Compared to 2007,1 the 2019 ATS/IDSA guidelines2 propose changes in at least 4 major areas of CAP treatment in inpatients, with 2 “Do’s” and 2 “Dont’s”:
- Do select empiric antibiotics based on severity of CAP and risk factors for methicillin-resistant Staphylococcus aureus (MRSA) and Pseudomonas aeruginosa (see related pearl on P4P)
- Do routinely treat CAP patients who test positive for influenza with standard CAP antibiotics
- Don’t routinely provide anaerobic coverage in aspiration pneumonia (limit it to empyema and lung abscess) (see related pearl on P4P)
- Don’t routinely treat CAP with adjunctive corticosteroids in the absence of refractory shock
β-lactam plus macrolide is recommended for both non-severe and severe CAP. β-lactam plus respiratory fluoroquinolone is an alternative regime in severe CAP, though not endorsed as strongly as β-lactam plus macrolide therapy (low quality of evidence). Management per CAP severity summarized below:
- Non-severe CAP
- β-lactam (eg, ceftriaxone, cefotaxime, ampicillin-sulbactam and newly-added ceftaroline) plus macrolide (eg, azithromycin, clarithromycin) OR respiratory fluoroquinolone (eg, levofloxacin, moxifloxacin)
- In patients at risk of MRSA or P. aeruginosa infection (eg, prior isolation of respective pathogens, hospitalization and parenteral antibiotics in the last 90 days or locally validated risk factors—HCAP has been retired), obtain cultures/PCR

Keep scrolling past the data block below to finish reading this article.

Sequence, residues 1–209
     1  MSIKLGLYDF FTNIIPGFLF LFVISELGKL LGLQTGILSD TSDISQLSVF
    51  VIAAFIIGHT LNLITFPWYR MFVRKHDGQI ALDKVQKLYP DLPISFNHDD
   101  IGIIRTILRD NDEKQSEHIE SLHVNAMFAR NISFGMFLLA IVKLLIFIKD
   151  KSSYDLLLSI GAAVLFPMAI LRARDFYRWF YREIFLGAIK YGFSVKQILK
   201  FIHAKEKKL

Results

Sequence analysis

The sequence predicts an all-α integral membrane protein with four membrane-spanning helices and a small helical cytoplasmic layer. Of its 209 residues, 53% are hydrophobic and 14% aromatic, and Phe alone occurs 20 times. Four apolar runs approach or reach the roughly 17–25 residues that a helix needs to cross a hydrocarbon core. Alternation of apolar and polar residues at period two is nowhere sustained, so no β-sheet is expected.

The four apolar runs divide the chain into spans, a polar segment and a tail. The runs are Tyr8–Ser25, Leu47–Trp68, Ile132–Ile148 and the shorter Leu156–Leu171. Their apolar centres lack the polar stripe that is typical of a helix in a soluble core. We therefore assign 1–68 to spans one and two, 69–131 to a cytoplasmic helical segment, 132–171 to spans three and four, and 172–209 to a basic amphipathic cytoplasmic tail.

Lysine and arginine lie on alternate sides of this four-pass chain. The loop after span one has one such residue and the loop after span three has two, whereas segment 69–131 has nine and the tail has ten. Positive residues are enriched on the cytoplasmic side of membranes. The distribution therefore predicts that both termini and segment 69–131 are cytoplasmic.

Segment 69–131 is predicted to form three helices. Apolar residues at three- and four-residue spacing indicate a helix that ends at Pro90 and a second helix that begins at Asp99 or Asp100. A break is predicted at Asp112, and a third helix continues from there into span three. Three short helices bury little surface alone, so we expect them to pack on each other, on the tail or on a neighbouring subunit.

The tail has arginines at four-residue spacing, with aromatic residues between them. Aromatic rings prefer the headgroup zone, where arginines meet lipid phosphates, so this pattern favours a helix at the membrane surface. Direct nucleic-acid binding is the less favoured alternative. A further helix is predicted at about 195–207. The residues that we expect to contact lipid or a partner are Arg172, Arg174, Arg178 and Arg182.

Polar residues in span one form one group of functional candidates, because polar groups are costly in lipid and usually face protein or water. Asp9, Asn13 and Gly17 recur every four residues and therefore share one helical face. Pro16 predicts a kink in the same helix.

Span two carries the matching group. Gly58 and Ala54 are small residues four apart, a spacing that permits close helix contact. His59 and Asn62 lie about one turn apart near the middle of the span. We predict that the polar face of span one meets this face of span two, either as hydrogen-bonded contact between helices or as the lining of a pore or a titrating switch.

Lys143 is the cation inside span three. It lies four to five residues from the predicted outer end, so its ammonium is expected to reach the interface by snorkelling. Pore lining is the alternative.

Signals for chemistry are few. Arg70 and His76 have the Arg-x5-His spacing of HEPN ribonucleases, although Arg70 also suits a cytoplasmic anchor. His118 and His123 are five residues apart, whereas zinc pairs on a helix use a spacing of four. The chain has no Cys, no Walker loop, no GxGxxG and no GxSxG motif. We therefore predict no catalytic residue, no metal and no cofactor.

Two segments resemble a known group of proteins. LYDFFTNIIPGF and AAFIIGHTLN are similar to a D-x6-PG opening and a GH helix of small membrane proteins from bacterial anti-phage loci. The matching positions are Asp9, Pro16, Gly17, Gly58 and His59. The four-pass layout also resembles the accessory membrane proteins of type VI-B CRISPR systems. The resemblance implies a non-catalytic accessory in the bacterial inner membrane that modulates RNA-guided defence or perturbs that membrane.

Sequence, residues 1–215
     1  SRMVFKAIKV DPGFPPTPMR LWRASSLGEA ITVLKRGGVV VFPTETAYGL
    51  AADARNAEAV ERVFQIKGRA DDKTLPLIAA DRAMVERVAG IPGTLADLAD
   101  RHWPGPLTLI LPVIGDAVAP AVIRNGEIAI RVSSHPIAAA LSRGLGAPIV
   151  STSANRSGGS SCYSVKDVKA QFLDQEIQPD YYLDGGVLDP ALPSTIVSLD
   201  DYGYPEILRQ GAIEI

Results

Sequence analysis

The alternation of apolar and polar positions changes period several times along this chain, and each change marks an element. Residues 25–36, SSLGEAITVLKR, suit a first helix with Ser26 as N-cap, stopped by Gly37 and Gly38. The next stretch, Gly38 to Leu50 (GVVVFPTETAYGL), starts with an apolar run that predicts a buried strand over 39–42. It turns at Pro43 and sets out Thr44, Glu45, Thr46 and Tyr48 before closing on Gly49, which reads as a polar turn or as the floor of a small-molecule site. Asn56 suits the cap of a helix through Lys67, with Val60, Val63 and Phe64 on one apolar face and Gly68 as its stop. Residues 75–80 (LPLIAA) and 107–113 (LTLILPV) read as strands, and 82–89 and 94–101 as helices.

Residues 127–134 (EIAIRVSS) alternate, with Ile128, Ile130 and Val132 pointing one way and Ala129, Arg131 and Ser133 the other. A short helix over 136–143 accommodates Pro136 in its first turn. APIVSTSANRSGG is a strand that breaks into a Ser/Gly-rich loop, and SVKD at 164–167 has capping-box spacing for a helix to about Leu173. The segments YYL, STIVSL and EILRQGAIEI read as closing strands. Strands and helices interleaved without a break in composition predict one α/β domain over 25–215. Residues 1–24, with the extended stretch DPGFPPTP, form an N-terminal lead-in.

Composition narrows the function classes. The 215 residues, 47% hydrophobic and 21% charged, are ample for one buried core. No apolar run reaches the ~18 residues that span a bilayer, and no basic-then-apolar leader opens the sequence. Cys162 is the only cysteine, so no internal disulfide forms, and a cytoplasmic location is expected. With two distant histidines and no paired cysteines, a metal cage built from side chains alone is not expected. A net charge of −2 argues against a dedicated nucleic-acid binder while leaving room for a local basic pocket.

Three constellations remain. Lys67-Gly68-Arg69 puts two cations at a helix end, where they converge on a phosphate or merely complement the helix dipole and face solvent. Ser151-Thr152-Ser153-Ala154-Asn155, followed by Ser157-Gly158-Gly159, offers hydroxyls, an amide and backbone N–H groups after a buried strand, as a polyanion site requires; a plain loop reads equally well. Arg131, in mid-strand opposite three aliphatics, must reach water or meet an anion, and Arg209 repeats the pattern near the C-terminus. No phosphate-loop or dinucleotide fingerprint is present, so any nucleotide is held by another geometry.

- Hold off on MRSA or P. aeruginosa coverage unless culture/PCR results return positive.
- Severe CAP
- β-lactam plus macrolide OR β-lactam plus respiratory fluoroquinolone (see above)
- In patients at risk of MRSA or P. aeruginosa infection (see above), obtain cultures/PCR
- Add MRSA coverage (eg, vancomycin or linezolid) and/or P. aeruginosa coverage (eg, cefepime, ceftazidime, piperacillin-tazobactam, meropenem, imipenem) if deemed at risk (see above) while waiting for culture/PCR results
Duration of antibiotics is for a minimum of 5 days for commonly-targeted pathogens and a minimum of 7 days for MRSA or P. aeruginosa infections, irrespective of severity or rapidity in achieving clinical stability.
For patients who test positive for influenza and have CAP, standard antibacterial regimen should be routinely added to antiinfluenza treatment.
For patients suspected of aspiration pneumonia, anaerobic coverage (eg, clindamycin, ampicillin-sulbactam, piperacillin-tazobactam) is NOT routinely recommended in the absence of lung abscess or empyema.
Corticosteroids are NOT routinely recommended for non-severe (high quality of evidence) or severe (moderate quality of evidence) CAP in the absence of refractory septic shock.
Related pearls on P4P:
2019 CAP guidelines on diagnostics: https://pearls4peers.com/2020/02/14/what-changes-should-i-consider-in-my-diagnostic-approach-to-hospitalized-patients-with-community-acquired-pneumonia-cap-in-light-of-the-2019-guidelines-of-the-american-thoracic-society-ats-and-inf/
Anerobic coverage of aspiration pneumonia: https://pearls4peers.com/2019/07/31/should-i-routinely-select-antibiotics-with-activity-against-anaerobes-in-my-patients-with-presumed-aspiration-pneumonia/
- Mandell LA, Wunderink RG, Anzueto A. Infectious Disease Society of America/American Thoracic Society Consensus Guidelines on the Management guidelines on the management of community-acquired pneumonia in adults. Clin Infect Dis 2007;44:S27-72. https://www.ncbi.nlm.nih.gov/pubmed/17278083
- Metlay JP, Waterer GW, Long AC, et al. Diagnosis and treatment of adults with community-acquired pneumonia. Am J Respir Crit Care Med 2019;200:e45-e67. https://www.ncbi.nlm.nih.gov/pubmed/31573350